When choosing a forward-facing or backward-facing balcony stateroom, where you are going may not be as important as where you've been, and vice versa. Forward-facing balconies, located on the front of the ship, are a newer trend in ship design and are therefore usually more expensive and hard to find. Backward-facing balconies, also known as aft-facing balconies, are located at the wake of the ship and may even cost the same as a standard balcony stateroom.

A Good Reason to "Wake" Up

If you're prone to seasickness, hate gusty wind, are traveling on a budget and want a quiet, far-from-the-elevators stateroom, go with the backward-facing stateroom. Not only will you wake up to the beauty of the ship's wake, you'll feel less ship movement, encounter less wind, and, on most ships, will spend considerably less. Keep in mind that when a cruise disembarks on a port day, you might feel a slight vibrating sensation from the propeller below. It's also important to note that a strong tailwind can reverse the wind direction, making the backward-facing balcony more windy than the forward-facing option.

The Leo and Kate Effect

While more expensive than backward-facing balconies, forward-facing balconies are one of the most trendy options on a cruise, if you do not mind feeling the rolling of the waves and the stronger wind on high sea days. Forward-facing staterooms usually boast larger overall cabin size, but bad weather can mean less outdoor balcony time. For some, the chance to see the world from the perspective of Leo DiCaprio and Kate Winslet may be worth it.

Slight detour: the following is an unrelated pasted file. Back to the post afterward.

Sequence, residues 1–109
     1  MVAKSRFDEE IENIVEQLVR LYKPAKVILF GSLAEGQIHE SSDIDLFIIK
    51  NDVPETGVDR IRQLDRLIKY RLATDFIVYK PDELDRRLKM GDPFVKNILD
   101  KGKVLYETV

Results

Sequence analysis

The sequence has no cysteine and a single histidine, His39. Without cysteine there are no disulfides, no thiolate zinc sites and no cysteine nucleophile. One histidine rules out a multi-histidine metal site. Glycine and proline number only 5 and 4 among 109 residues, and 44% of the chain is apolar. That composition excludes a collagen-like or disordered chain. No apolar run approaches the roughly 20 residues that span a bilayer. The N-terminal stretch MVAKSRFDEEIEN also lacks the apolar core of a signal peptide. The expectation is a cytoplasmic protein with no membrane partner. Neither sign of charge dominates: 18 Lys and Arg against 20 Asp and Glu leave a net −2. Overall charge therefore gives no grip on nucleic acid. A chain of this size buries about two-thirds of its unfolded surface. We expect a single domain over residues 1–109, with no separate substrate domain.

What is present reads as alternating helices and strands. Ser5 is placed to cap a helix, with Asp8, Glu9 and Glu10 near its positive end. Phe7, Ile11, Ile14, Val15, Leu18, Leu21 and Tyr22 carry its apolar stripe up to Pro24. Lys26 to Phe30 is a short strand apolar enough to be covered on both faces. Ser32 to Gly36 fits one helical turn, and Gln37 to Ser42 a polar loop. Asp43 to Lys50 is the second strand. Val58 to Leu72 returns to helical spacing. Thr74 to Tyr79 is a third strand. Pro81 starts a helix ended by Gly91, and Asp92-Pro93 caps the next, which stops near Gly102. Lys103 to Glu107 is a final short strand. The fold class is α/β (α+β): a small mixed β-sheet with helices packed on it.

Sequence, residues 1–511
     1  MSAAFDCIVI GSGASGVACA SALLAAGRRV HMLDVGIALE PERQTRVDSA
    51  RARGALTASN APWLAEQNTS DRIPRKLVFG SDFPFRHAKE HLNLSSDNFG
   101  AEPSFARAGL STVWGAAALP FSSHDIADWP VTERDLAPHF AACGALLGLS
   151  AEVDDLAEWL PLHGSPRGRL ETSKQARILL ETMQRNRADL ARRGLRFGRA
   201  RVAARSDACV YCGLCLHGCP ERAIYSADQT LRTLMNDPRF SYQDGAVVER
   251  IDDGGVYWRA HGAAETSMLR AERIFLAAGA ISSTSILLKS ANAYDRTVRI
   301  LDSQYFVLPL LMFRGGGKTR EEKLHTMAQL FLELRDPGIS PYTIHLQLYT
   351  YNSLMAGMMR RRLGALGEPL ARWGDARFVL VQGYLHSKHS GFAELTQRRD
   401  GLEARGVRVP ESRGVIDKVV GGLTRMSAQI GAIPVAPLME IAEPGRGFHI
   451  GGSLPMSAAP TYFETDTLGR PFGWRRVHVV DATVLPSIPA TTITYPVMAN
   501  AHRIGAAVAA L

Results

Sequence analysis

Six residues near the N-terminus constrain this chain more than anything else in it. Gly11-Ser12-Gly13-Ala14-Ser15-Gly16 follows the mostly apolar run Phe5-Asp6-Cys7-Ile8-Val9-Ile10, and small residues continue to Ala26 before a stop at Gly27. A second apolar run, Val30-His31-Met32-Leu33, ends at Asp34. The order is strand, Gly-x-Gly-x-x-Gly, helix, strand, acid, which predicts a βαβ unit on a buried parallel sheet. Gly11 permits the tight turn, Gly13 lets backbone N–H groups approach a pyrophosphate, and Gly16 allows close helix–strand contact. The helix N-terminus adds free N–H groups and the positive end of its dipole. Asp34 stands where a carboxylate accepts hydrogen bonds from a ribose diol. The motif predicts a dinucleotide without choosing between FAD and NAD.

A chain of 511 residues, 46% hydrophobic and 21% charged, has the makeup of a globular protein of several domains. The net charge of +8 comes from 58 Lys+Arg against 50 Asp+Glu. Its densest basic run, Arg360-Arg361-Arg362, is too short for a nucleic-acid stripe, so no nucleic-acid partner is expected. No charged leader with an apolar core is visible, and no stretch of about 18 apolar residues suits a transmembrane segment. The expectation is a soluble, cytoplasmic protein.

The Corner Aft Option

Some cruise lines offer corner aft stateroom balconies, or backward-facing balcony staterooms that form an L-shape as they hug one of the back corners of the ship. Corner aft balconies are an interesting alternative to the backward-facing option, but keep in mind that due to the curve in the balcony, the view may be compromised and the deck may be oddly-shaped or smaller than standard balconies.

Seasickness and Mobility Concerns

When choosing between a backward-facing or forward-facing balcony, it's important to consider your tolerance for seasickness. While backward-facing balconies are considerably more stable than forward-facing, low-deck balconies in the middle region of the ship offer the best stability for patch-wearing travelers.

Your own mobility should also be a concern when choosing a forward-facing or backward-facing cabin. On most ships, backward-facing cabins tend to be the farthest from the elevators, while forward-facing staterooms are near the main front elevators of the ship.